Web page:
The suffix ~tomi designating a ship-name also often appears in the collection of ancient prose called Omoro-sōshi, for example in the Kakuratoyotega-bushi from Omoro-sōshi Vol. 3. In this Omoro appear the terms Yohikitomi, Sejiaratomi, Yotsugitomi, Kumokotomi, Amaetomi, and Oshiaketomi, which were all names of Ryūkyūan seagoing vessels.

Maritime-based and Land-based Hiki

The Hiki as an organic combination of various government functions. By Andreas Quast.

The Hiki as an organic combination of various government functions. By Andreas Quast.

Iha Fuyū stated, “Because foreign trade voyages were at the center of the activities of the people of Old Ryūkyū, we realize that the Sentō (captains) steering these vessels were diverted from their original intended use.” Indeed, the designations of seagoing vessels and their associated official posts coincide with that of the land-based Hiki. Consequently, the land-based Hiki had the same standardized office organization as the organization of the sea-going vessels. From that, Takara formulated the question that, perhaps, the Hiki were “land-based maritime vessels” (Chijō no kaisen 地上の海船),  and the vessels were “Hiki floating on the sea” (Umi ni ukanda Hiki  海に浮んだヒキ). Just as sea-going vessels would sail in a fleet comprising of several ships, the Hiki were also organized in groups consisting of a number of Hiki. And just as the ship with the chief tribute envoy as its commander was the flagship of a fleet, the Hiki with its Hikigashira as commander was the “flagship” in each of the Three Guards.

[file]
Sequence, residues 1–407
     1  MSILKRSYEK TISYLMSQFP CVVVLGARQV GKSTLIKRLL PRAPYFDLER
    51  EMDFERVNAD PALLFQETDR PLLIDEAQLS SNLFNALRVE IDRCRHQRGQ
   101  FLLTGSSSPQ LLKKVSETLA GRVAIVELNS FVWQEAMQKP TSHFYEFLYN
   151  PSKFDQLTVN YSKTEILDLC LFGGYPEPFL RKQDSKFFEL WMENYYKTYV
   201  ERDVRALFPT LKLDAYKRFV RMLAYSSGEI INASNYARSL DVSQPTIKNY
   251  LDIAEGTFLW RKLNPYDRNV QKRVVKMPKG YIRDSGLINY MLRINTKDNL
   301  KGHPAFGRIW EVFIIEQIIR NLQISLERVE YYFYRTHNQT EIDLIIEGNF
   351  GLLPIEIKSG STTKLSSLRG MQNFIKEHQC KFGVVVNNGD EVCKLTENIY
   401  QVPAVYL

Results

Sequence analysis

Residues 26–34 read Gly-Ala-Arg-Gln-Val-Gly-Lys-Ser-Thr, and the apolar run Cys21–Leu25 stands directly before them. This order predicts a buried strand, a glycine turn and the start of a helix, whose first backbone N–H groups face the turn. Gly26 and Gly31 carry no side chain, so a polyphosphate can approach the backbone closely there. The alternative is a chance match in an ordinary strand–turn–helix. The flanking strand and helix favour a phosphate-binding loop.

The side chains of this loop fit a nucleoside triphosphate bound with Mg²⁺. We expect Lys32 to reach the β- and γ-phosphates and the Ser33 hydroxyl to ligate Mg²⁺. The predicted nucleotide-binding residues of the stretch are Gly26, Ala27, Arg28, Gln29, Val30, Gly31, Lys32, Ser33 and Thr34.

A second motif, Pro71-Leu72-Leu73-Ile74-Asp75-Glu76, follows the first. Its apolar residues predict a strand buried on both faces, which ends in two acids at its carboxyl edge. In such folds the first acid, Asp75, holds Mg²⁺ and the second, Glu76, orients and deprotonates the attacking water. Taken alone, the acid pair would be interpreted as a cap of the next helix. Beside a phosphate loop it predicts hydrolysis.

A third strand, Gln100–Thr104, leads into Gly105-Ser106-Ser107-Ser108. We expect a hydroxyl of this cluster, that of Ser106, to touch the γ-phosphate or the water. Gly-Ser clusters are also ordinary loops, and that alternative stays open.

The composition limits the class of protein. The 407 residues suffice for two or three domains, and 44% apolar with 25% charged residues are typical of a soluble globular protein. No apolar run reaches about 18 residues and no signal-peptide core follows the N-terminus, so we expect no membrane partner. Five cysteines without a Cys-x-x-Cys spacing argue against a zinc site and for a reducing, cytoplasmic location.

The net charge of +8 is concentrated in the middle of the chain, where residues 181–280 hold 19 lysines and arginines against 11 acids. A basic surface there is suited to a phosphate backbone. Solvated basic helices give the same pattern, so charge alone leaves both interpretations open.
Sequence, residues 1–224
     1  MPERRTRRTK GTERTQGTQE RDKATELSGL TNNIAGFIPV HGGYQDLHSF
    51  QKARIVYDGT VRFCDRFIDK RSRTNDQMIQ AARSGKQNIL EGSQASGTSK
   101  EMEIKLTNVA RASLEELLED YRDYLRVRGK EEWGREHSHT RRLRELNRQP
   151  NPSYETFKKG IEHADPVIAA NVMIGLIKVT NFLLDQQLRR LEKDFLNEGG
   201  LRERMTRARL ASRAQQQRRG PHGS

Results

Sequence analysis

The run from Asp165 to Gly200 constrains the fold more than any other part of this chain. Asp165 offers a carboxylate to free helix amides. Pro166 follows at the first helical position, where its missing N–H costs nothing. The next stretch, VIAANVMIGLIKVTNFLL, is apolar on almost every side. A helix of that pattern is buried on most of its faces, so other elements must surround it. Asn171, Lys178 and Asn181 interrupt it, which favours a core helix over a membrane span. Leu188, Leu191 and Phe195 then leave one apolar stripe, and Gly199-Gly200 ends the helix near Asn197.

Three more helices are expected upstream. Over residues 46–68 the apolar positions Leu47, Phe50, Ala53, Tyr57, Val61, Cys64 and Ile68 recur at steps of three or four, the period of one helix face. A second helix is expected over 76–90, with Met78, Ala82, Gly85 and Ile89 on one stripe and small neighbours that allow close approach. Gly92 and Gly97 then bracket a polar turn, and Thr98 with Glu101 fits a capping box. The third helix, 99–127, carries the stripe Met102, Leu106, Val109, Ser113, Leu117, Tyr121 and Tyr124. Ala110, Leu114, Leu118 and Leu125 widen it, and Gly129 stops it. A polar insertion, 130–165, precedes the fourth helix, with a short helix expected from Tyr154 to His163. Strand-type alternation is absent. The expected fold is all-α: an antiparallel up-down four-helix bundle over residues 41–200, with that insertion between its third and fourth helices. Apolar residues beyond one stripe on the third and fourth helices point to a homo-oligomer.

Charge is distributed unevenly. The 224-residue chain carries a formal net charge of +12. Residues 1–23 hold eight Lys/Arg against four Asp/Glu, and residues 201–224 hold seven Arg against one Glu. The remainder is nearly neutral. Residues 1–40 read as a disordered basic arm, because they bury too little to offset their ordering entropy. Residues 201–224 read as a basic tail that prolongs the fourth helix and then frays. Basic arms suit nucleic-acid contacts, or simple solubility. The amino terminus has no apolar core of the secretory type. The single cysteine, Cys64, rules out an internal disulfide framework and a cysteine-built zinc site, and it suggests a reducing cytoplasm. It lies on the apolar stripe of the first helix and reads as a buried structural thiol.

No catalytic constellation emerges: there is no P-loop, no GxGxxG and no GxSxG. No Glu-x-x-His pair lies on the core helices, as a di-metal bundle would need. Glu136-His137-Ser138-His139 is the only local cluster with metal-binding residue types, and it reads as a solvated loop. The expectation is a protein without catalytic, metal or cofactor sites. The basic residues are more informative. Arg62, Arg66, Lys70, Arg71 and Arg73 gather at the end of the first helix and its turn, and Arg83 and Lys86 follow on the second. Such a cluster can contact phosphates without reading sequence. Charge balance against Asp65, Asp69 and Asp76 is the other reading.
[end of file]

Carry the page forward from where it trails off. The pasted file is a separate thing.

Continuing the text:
The Hiki as a maritime and land-based organization. By Andreas Quast.

The Hiki as a maritime and land-based organization. By Andreas Quast.

At the time this system emerged, the king was on top of the country’s official overseas trade, which was solely managed by the royal government, and therefore, the envoys’ ships were government-owned ships. All posts in this official overseas traffic were also issued in the name of the king, as is clearly shown in the kingdom’s written appointments (jireisho), and thus all crew members were employees of the royal government. In this way, all activities in the country of destination were government businesses, too. And so, regardless of being sailing voyages or land-based duties, any of the activities the Hiki were involved in were government businesses. This was the state of affairs, and it was this framework that the system of the Hiki originated in.

Yarazamori-gusuku. Photo by Andreas Quast. Excerpt from a picture painted by Tomoyose Chikudun Pechin Kikō 友寄筑登之親雲喜恒, 116.5 x 56.5 cm. From the possession of the Okinawa-kenritsu Zushokan Higaonna Bunko 東恩納文庫.

Yarazamori-gusuku. Photo by Andreas Quast. Excerpt from a picture painted by Tomoyose Chikudun Pechin Kikō 友寄筑登之親雲喜恒, 116.5 x 56.5 cm. From the possession of the Okinawa-kenritsu Zushokan Higaonna Bunko 東恩納文庫.


Sources

  • 沖縄の歴史情報 第5巻。画像と全文テキストデータベース (Ⅰ)。 (6)「琉球家譜」の情報化。①首里系家譜。麻姓家譜 (田名家).
  • Naha-shi Shi. Shiryō-hen, Dai Ni Maki, Chū no 7. Naha no Minzoku. 那覇市史。資料篇 第2巻,中の7。那覇の民俗。
  • Takara Kurayoshi, 1993
  • Ryūkyū-kuni Yuraiki, 1713
  • Iha Fuyū, 1975
  • Okamoto, in: Acta Asiatica 2008
  • Quast, Andreas: Karate 1.0 (2013)
  • Others

© 2017, Andreas Quast. All rights reserved.